It was with some trepidation that I braced myself for this visit. I had heard the building and museum were impressive but a museum addressing the Holocaust (Shoah) is never going to be easy, nor should it be.
The Holocaust History Museum is only one part of the enormous Yad Vashem complex which is a large tract of land which contains a number of large memorials to various aspects of the Holocaust as well as an education and research centres and an astoundingly poor cafe. I spent my time in the Museum and temporary exhibition spaces.
There was something about all the memorials at Yad Vashem that made me feel uncomfortable. I’m not sure if it was the overt notices about who had donated money to them or something which gave them political overtones and made them feel way too nationalistic. The fact that there were so many also somehow diminished them all. Something odd about that expectation that you would walk around and summon an appropriate feeling for each one. But on the other hand can one memorial satisfactorily do justice to the horror and mind-bending scope of the Holocaust?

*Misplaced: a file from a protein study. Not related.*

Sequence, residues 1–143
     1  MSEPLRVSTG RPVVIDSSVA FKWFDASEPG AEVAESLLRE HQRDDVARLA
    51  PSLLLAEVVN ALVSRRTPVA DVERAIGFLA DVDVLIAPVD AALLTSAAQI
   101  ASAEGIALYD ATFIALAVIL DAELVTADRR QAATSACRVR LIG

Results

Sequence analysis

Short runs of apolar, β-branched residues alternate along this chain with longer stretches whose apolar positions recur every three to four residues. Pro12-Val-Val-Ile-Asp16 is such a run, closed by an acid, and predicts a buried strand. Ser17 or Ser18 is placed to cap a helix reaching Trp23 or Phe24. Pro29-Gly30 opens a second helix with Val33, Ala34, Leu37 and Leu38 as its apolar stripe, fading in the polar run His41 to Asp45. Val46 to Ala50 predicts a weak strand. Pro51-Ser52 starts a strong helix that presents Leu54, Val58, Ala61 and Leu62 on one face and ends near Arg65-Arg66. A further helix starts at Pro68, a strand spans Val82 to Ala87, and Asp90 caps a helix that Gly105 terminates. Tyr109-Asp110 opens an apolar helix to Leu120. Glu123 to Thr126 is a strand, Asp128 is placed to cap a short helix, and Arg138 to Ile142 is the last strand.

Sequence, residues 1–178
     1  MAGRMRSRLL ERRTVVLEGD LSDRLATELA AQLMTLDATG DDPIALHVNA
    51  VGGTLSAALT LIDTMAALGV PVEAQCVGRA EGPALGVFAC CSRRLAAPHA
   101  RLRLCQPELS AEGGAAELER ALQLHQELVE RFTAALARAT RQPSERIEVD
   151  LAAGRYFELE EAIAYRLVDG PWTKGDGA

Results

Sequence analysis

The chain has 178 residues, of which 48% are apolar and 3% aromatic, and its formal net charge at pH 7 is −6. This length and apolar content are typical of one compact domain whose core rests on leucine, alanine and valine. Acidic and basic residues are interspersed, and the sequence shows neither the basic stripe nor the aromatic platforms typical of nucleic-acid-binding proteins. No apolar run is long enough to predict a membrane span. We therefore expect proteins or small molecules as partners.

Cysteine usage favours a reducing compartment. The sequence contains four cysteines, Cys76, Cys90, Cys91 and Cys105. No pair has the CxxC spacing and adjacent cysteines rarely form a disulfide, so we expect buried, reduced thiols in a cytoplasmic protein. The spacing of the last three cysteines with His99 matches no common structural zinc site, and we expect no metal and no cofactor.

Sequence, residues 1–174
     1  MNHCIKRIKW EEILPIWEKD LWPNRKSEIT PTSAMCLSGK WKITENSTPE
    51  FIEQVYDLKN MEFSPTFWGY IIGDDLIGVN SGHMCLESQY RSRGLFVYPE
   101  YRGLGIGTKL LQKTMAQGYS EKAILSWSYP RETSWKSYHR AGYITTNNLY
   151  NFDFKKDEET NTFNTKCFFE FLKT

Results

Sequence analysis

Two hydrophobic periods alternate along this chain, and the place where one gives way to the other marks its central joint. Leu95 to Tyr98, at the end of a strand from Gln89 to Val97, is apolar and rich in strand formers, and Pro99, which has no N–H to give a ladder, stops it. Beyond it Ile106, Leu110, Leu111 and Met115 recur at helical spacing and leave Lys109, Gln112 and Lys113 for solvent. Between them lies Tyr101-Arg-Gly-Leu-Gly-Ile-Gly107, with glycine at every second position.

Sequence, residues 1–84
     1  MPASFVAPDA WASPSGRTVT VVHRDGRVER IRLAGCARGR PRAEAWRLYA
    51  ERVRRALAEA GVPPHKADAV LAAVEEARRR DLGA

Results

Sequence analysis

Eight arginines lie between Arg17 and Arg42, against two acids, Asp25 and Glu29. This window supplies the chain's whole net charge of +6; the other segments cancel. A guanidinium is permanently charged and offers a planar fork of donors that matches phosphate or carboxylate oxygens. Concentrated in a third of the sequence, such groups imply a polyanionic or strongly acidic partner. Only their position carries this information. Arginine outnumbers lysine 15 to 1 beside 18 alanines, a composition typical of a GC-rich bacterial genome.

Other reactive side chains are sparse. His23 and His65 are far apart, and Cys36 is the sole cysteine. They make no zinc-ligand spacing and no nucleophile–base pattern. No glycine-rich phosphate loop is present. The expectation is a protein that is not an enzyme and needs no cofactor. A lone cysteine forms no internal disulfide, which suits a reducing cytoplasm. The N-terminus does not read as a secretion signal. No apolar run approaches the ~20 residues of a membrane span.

The overall experience of the museum was overwhelming as you would expect. There really was way too much information to even hope to take in. Lots of text, lots of images but also lots of video including interviews with survivors. This created the situation where you skipped over bits which made you feel uncomfortable as visitor.
It was also very strange to be in the section about the death camps surrounded by Israeli teenagers, restless after being guided through the many earlier galleries. I wondered how many times these kids had already been taught about the holocaust.
In the end it was the ‘Hall of Names‘ which was the most powerful part of the museum. A large darkened room with an enormous inverted cone lined with names and faces of those killed. When you look down you see a reflective ‘pool’. Surrounding all this are archive boxes with further names of victims of the Holocaust. There certainly does seem to be an evolving ‘type’ for these kinds of museums. Parts were certainly reminiscent of the United States Holocaust Museum in Washington and the Memorial Hall of the Victims in Nanjing Massacre by Japanese Invaders in Nanjing, China.
- Staines, D. (2002), ‘Auschwitz and the camera‘, Mortality,7(1), 13-32.
- Staines, D. R. (2001), ‘Museum Auschwitz‘, Space and culture : archival spaces, 1(10), 63-90.
Visited: 5 February 2018